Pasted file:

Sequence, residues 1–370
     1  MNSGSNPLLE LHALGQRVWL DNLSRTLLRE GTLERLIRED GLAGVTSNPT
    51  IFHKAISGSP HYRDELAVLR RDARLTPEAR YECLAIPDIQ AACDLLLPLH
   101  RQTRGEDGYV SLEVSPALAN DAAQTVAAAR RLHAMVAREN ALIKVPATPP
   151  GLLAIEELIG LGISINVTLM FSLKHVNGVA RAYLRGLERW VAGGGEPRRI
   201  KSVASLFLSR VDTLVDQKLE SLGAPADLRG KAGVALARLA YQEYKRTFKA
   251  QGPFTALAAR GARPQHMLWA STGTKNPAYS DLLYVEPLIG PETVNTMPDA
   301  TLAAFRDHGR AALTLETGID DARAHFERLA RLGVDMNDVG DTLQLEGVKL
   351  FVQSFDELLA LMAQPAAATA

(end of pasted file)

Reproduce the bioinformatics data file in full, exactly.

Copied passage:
Sequence, residues 1–370
     1  MNSGSNPLLE LHALGQRVWL DNLSRTLLRE GTLERLIRED GLAGVTSNPT
    51  IFHKAISGSP HYRDELAVLR RDARLTPEAR YECLAIPDIQ AACDLLLPLH
   101  RQTRGEDGYV SLEVSPALAN DAAQTVAAAR RLHAMVAREN ALIKVPATPP
   151  GLLAIEELIG LGISINVTLM FSLKHVNGVA RAYLRGLERW VAGGGEPRRI
   201  KSVASLFLSR VDTLVDQKLE SLGAPADLRG KAGVALARLA YQEYKRTFKA
   251  QGPFTALAAR GARPQHMLWA STGTKNPAYS DLLYVEPLIG PETVNTMPDA
   301  TLAAFRDHGR AALTLETGID DARAHFERLA RLGVDMNDVG DTLQLEGVKL
   351  FVQSFDELLA LMAQPAAATA